Systems house Rafael produces a wide portfolio of sophisticated products, but here at the Farnborough airshow it is expecting significant interest in its reconnaissance sensors. At the top of the line is the RecceLite system, a derivative of the proven Litening targeting pod. RecceLite uses the same pod and infrastructure as the Litening, but is optimized for a variety of reconnaissance tasks from low, medium and high altitudes.
LITENING targeting pod
Goodrich ISR Systems has been on the acquisition trail and some of the resulting technology is on display here at the Dubai Airshow (Stand W360). Best known for the DB-110 aerial sensor it has sold to six countries, the Goodrich unit is now marketing additional aerial sensors after buying Recon/Optical Inc. (ROI) last year.
Rafael Advanced Defense Systems Ltd.’s Recce-U real-time reconnaissance system is making its debut here at Paris. The system has been developed from the RecceLite fast-jet tactical reconnaissance pod, an outgrowth of the widely used Litening targeting pod. Recce-U comprises a self-contained multi-sensor ISR system, a ground data link station and a ground exploitation station.
Litening III targeting pods supplied by Ultra Electronics to the RAF have successfully completed their first year of service in Iraq. Mounted on Tornado GR4 combat aircraft, the pods are fitted with a ROVER III-compatible video datalink supplied by Ultra, which also manufactured Litening III under license from Rafael.
Northrop Grumman’s defensive systems division has delivered the first of a new generation of Plug and Play II video datalinks for use with the Litening AT and Litening G4 targeting pods.
L-3 Communications (Hall 4 Stand 18, Chalet A16-18) is showing a new, handheld version of the Rover device that has rapidly become essential kit for allied ground troops directing airstrikes in Iraq and Afghanistan. The company has already delivered some 4,000 of the previous, laptop-size Rover 3 and 4 versions, which display video feeds from various airborne platforms.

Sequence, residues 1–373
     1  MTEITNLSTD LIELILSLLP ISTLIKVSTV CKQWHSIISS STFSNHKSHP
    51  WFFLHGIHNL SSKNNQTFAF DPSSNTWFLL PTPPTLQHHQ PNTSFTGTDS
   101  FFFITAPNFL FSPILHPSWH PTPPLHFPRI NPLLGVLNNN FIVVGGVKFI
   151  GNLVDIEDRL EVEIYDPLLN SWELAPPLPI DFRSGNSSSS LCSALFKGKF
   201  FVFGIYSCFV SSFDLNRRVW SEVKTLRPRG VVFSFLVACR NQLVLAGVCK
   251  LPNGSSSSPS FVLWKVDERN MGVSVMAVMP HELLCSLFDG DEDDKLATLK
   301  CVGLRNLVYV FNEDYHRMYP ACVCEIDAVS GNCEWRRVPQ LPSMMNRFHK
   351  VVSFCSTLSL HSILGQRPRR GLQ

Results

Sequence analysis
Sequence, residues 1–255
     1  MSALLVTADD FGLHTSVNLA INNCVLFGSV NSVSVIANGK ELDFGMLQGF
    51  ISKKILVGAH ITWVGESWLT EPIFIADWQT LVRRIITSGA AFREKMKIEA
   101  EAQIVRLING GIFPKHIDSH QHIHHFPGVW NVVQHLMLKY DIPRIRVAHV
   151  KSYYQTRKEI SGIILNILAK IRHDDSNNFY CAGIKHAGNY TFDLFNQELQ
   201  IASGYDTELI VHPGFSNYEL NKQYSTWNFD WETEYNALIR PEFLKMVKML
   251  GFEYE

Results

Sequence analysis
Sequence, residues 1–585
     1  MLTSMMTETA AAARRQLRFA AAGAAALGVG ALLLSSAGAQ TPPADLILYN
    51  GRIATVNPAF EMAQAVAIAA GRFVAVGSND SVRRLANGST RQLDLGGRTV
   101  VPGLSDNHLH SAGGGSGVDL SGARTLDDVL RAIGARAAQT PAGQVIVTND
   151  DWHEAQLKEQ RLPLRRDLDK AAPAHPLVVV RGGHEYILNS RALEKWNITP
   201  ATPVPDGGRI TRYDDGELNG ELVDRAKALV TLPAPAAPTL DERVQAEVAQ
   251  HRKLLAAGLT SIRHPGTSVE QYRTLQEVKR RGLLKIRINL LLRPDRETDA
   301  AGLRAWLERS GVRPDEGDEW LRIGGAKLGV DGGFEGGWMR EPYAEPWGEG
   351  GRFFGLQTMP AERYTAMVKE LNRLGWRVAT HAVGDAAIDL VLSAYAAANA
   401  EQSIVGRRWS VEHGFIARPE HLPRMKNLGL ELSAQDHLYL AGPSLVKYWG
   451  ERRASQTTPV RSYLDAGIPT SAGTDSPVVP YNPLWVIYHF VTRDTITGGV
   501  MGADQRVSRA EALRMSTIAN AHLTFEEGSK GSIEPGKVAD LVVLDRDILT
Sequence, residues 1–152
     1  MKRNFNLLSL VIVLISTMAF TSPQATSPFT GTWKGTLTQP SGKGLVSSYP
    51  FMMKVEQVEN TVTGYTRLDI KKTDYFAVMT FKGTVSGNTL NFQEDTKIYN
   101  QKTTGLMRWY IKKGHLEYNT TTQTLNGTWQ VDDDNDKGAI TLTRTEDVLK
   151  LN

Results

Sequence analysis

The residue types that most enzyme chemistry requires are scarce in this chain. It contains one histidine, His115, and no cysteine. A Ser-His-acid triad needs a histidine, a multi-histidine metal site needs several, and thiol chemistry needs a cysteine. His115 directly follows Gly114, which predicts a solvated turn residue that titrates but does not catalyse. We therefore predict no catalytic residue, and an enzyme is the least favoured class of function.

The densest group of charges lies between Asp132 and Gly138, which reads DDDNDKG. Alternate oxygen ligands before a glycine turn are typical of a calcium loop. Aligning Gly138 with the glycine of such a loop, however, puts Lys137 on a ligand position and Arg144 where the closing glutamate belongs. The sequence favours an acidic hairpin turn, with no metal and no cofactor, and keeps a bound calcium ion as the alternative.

Among the most eagerly awaited show participants listed in pre-Paris releases was the HAL Tejas–India’s Light Combat Aircraft. Two were originally on the list, of which one was due to fly in the air display. However, a new urgency has descended on the program, and the aircraft could not be spared from test flights.
“In today’s combat environment, the name of the game in dropping air-to-ground munitions is how to double the distance from the target from which we can drop the weapon itself–the release range–but still not experience any decrease in accuracy,” said Lockheed Martin’s John Schoeppner. “We have achieved this level of performance with our AN/AAQ-33 Sniper targeting pod, but what we feel further differentiates us from our competitors is our pod’
In past decades better and more accurate weapons served as the generally accepted solution to increasing the effectiveness of an attack aircraft. More recently electro-optical (EO) targeting systems have made those weapons all the more lethal.
The Republic of Singapore Air Force (RSAF) is showing its top-of-the-line F-16D Block 52+ fighter for the first time at Asian Aerospace, in the static park. This two-seat aircraft is optimized for long-range and low-level strike missions, and with its various lumps and bumps, must be the ugliest F-16 version of all time. In fact, the aircraft is externally identical to the F-16I Sufa (Storm) version now operated by the Israeli Air Force.